Suggestions for preventing rear E-brake lockup

Steve Crosbie scrosbie at
Thu Mar 21 12:43:23 EST 2002

Kneale Brownson wrote:

> At 01:11 AM 03/21/2002 +0000, Jobe Tichy wrote:
>> Hello all...
>>  So, some how, whether by the cold weather or otherwise, the ebrake 
>> cam on the caliper was stuck closed keeping the ebrake on even after 
>> released.  Is this common on midwest Audis with all of the salt and 
>> crud?  Is there any preventative maintenance you can suggest, whether 
>> cleaning out the cam or otherwise?  
> On my car, it had nothing to do with the E-brake itself.  It was 
> corrosion on the brake piston and in the cylinder that kept the brake 
> applied.  I think it's because PO's never replaced the brake fluid.

It is always important to frequently re-bleed/change the brake fluid to 
keep internal cylinder and piston from corroding, but the ebrake chamber 
is isolated from the rest of the piston by a seal and contains no brake 
fluid.  Corrosion at the ebrake shaft and dried up grease in the chamber 
are the usual culprits for the ebrake lever not returning.  Here's my 
recent write up on repairing the ebrake system in the caliper:

(Referring to previous post about not finding an appropriate circlip 
pliers)...  I had the same issue finding a circlip pliers that was long 
and skinny enough to remove the circlip holding the piston in the bottom 
of the caliper body.  I bought a cheap pair of needle nose pliers with 
long and skinny ends and simply filed the ends round to fit the circlip 
holes (got a pair that had a spring and about 4" long ends). That 
circlip holds a sort of cage that holds a spring under pressure. In the 
center of this is the threaded rod that the piston rides on. There is 
not a lot of room, but enough to get the skinny pliers in.  Be very 
careful since when the circlip is released the spring will shoot the 
spring holding cage (spring keeper) and itself into orbit.  The second 
one I did I put the caliper in a vice to steady it and held a small 2x2 
piece of wood on the top of the spring keeper as the circlip was removed 
- much less fun, but safer.  Once the spring, spring keeper and threaded 
rod attached to the lower plate are removed, you can get at the inside 
of this chamber.  Inside this chamber you see the e brake shaft and a 
small jelly bean shaped thing (piece of metal rod rounded of at each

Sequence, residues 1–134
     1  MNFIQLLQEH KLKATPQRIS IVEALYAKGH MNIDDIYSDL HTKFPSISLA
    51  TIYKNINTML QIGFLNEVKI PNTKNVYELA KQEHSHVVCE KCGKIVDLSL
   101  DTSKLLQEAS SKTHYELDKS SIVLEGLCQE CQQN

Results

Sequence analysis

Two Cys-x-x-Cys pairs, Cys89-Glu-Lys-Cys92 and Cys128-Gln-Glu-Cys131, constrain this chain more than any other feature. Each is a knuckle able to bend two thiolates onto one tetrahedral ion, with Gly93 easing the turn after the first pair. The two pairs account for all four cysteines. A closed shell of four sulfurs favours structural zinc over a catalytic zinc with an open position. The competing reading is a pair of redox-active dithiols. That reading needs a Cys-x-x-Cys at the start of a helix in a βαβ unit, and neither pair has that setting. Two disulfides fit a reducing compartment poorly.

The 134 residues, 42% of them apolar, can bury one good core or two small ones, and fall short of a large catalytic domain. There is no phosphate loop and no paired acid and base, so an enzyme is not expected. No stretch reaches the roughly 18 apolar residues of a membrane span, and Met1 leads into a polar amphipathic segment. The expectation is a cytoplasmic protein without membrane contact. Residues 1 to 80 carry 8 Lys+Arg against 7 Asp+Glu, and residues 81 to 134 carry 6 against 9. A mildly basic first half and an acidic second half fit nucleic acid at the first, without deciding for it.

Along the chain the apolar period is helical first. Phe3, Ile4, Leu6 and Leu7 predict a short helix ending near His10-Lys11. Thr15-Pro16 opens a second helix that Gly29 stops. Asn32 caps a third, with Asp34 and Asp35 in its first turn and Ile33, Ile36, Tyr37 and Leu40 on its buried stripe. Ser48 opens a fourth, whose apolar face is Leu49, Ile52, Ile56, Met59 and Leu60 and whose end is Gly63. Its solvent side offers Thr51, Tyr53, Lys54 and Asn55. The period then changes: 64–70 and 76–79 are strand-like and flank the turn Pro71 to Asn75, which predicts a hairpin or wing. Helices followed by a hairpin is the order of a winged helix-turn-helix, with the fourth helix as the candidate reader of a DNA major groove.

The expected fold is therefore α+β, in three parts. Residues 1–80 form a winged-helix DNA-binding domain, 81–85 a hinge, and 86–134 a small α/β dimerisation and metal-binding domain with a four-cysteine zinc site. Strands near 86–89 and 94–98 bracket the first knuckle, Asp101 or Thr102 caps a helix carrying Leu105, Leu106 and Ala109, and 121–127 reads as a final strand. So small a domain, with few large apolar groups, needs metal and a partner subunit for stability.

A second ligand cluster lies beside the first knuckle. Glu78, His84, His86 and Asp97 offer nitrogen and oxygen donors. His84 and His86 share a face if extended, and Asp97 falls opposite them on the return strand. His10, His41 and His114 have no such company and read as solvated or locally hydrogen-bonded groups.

end) that is held between an indent in the e brake shaft and an indent 
in the threaded rod shaft.
   At this point you can take out the e brake shaft and clean it up with 
some sand paper, coarse to fine grain (the corroded shaft is the reason 
the e brake lever does not return).  Also clean up the old grease and 
re-grease the cavity with high temp. lithium grease (or marine grease - 
may improve the rust corrosion issues with the shaft). The seal where 
the e brake shaft goes into the caliper is a simple oil seal.  I got 
mine at a bearing supply company.  I found a TCM oil seal part # 
16x24x7TC (16mm {shaft opening }X 24mm {outside diameter) X 7mm 
{thick}).  Refit the jelly bean and the brake lever shaft and threaded 
rod w/ bottom plate.  Now comes the fun - the spring and spring keeper 
must be compressed in order for the circlip to seat.  I used an 
appropriate socket on the spring keeper that covered the keeper, and 
allowed the threaded rod to pass through.  Then took a large C clamp and 
clamped the socket down to compress the spring so the circlip could 
fasten.  It takes a little trial and error and you have to center the 
spring keeper a bit (first thing under the circlip before the threaded 
rod plate).  Sounds worse than it is.  Once it is together there now 
enough spring tension to reset the e brake lever even before the outside 
spring clip is attached. They have been working like brand new calipers 
for over 6 weeks - no lock up of the ebrake cable and plenty of holding 

Good Luck,
Steve Crosbie

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